Once the switchboard check has been completed, all light switches and power points and equipment isolation switches should be switched ‘off’. The power should ideally be turned on circuit by circuit (i.e. shop lighting, shop equipment, canopy lighting, external lighting and other equipment) so that any damaged circuit can be quickly identified and isolated for repair.

Once all electrical checks have been completed – and all lighting and equipment appears to be operating satisfactorily – it is time to focus on the fuel system. All fuel deliveries should be paused until the following work is performed by a suitably qualified person:

  1. Check and inspect that the underground fuel tanks have not moved. Damaged to the concrete slab or ground in the vicinity of the underground storage tanks is generally an indicated that the tank has moved due to ground water movement. Where damage is observed, the tanks should not be used and the entire the UPSS system should be inspected by a qualified contractor.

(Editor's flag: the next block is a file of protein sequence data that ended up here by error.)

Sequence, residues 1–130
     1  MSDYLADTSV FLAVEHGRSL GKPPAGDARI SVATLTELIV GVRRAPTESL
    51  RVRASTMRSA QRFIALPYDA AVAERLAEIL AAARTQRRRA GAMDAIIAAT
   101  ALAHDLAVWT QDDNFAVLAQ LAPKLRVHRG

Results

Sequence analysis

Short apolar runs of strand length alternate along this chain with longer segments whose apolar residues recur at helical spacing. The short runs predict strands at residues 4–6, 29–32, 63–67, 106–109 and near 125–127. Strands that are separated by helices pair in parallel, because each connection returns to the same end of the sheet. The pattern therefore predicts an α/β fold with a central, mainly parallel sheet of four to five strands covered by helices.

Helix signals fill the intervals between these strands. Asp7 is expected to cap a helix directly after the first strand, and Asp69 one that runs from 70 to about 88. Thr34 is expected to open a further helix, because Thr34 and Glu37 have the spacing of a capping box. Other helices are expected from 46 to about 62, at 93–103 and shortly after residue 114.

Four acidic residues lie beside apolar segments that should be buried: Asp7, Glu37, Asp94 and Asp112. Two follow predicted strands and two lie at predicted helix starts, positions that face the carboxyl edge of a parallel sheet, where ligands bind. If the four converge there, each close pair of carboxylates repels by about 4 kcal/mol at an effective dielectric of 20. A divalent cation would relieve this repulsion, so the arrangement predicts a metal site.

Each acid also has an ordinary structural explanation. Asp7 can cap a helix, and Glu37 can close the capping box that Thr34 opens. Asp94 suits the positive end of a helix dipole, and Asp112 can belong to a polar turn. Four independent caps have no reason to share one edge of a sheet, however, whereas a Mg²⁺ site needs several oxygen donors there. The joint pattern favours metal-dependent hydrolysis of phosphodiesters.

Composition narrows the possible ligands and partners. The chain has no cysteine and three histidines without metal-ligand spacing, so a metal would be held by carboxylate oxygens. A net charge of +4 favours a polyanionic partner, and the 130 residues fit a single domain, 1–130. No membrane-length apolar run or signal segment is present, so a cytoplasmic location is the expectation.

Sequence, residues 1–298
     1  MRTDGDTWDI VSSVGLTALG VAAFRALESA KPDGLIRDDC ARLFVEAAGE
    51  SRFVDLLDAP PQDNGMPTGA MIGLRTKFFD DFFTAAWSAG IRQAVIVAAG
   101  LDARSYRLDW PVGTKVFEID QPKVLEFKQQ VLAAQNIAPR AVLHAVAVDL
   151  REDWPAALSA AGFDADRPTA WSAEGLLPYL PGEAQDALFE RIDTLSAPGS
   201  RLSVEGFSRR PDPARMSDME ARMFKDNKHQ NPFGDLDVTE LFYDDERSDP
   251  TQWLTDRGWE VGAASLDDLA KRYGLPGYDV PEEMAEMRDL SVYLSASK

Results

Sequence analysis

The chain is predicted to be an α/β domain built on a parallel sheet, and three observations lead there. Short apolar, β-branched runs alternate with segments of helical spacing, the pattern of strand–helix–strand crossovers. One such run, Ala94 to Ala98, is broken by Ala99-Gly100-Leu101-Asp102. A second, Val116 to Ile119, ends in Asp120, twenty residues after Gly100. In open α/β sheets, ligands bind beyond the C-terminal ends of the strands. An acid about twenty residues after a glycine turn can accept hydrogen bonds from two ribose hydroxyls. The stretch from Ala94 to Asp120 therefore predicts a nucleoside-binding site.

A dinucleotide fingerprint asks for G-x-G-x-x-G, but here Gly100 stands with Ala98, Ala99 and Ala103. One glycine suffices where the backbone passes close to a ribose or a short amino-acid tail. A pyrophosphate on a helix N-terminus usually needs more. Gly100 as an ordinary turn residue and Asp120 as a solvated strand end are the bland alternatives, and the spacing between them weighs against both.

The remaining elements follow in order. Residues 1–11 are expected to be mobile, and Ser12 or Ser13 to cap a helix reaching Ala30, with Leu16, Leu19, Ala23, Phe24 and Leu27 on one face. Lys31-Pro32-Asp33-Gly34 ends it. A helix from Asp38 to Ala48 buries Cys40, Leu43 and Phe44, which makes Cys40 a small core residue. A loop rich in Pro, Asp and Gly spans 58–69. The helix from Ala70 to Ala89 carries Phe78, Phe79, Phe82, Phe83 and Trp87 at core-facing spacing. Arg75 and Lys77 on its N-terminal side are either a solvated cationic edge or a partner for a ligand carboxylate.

2. Check for the presence of water ingress to the tanks by confirming fuel levels and or tank measurement (i.e. dips or ATG). All dip caps and fill points should be inspected to ensure that they are sealed and dry. If the fill points are ringed by sediment, then chances are that water has entered the tank.
  3. Check the fill points on the forecourt to ensure that they are clean and dry. This check should extend to a check of the electrical earthing in the vicinity of the fill point.
  4. Check the pump/dispenser sumps and remove any water or sediment from the sumps/pans.
  5. Check the sumps of the VR2 pipe (if fitted) and ensure that all pipe fittings and sump seals are clean and dry.
  6. Open all fuel pipe/forecourt pump valve pits and remove any sediment or water that may be present.
  7. Inspect all forecourt pumps and hoses and nozzles for any signs of damage and remove the cover from any junction box that may have been affected by water ingress. Clean all sediment and remove any water from the junction box and vapour path spaces.